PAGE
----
After All, Mysterious Venezuela’s Oil-Backed Petro Seems to be Real
Photo: Jorge Andrés Paparoni Bruzual / Flickr
When more than a year ago, in December 2017, Venezuelan President Nicolas Maduro made an announcement informing the community that the government was preparing the launch of a national oil-backed cryptocurrency called the Petro, there were not so many people who believed that he could be serious.
Nevertheless, now it has become (surprisingly) obvious that this idea has all chances to be translated into life and, to be more precise, it has been already realized.
What Is Petro
The launch of the Petro is viewed by the country’s government as a tool to overcome the hyperinflation and to combat with the sanctions imposed by the U.S. It is a pet project of President Maduro and he deeply believes that the Petro is able to strengthen their national independence and economic sovereignty.
The start of the pre-sale was announced in February 2018. Nevertheless, for more than a year since the first announcement, this cryptocurrency has been a rather controversial digital asset.
According to Maduro, 100 million tokens were to be issued . The President has made the Petro an official alternate currency in Venezuela, has forced local organizations to use it as an official accounting unit and linked the pension system to the Petro. And it’s not the full list of measures taken by Maduro with a view to promote the oil-backed crypto.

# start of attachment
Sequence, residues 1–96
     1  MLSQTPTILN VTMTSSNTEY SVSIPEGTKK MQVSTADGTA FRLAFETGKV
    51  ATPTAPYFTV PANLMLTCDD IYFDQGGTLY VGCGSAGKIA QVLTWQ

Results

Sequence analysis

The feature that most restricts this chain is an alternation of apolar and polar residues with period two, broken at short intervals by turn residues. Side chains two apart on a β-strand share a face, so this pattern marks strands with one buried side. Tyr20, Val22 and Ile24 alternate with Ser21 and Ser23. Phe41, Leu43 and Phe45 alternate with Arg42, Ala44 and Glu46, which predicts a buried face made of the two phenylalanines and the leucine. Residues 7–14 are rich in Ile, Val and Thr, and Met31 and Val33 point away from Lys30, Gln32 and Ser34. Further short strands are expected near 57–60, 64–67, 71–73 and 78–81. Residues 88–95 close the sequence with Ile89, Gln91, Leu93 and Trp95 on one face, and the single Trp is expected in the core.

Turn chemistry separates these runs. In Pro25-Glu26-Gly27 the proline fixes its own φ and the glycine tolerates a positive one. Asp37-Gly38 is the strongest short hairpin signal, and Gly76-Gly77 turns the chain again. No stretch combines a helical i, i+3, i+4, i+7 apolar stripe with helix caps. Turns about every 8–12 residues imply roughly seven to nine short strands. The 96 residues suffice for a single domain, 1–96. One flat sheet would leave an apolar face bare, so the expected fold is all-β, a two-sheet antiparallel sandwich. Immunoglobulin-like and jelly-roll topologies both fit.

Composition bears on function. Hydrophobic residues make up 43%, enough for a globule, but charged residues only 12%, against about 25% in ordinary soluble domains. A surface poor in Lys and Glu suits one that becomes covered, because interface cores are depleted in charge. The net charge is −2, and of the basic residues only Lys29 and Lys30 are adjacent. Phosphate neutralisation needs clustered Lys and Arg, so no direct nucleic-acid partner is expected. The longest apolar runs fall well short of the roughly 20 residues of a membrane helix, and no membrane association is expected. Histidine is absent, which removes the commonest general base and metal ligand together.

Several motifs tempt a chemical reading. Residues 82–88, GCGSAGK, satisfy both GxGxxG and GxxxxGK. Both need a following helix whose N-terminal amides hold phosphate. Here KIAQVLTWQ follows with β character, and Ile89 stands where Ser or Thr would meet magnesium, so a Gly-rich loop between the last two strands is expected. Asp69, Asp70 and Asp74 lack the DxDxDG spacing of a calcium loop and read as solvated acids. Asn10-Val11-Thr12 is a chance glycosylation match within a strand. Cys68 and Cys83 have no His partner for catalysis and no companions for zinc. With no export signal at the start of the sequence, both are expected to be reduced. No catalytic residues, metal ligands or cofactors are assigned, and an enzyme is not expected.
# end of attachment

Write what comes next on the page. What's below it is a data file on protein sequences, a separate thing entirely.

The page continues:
The Petro went on sale in October 2018, but in September Reuters carried out a very interesting investigation that helped to reveal that the Petro and the oil reserves behind it just didn’t exist.
Existence of Petro
Though the Reuters investigation provoked some doubts in the existence of this oil-backed crypto, Venezuela insists on the reality of this digital asset.
Recently, a number of Venezuelan political blogs have started telling about a mysterious expert who verified the reality of the crypto. The verification process presupposed carrying out a transaction to show that a Petro wallet was accessible.
Though the transactions really appear on the blockchain, the value of the Petro is still unclear, different entities name different exchange rates. But according to the country’s central bank, one Petro is currently traded for 36,000 sovereign bolivars.
Fresh View on Crypto in Venezuela
Nevertheless, it doesn’t seem that everyone in the country’s government supports the Petro. Venezuelan new interim president Juan Guaidó seems to be a real crypto enthusiast but he definitely prefers Bitcoin to the Petro.
He views Bitcoin as an alternative option for Venezuela. In previous weeks, the volumes of Bitcoin trading in the country have achieved new heights due to a new wave of instability in the political and economic spheres in the country.
Guaidó doesn’t support the Petro project and openly speaks about it. He said that the purpose of the Petro was not to become a tool to improve the economic situation but to defraud the citizens of Venezuela.
Back to the list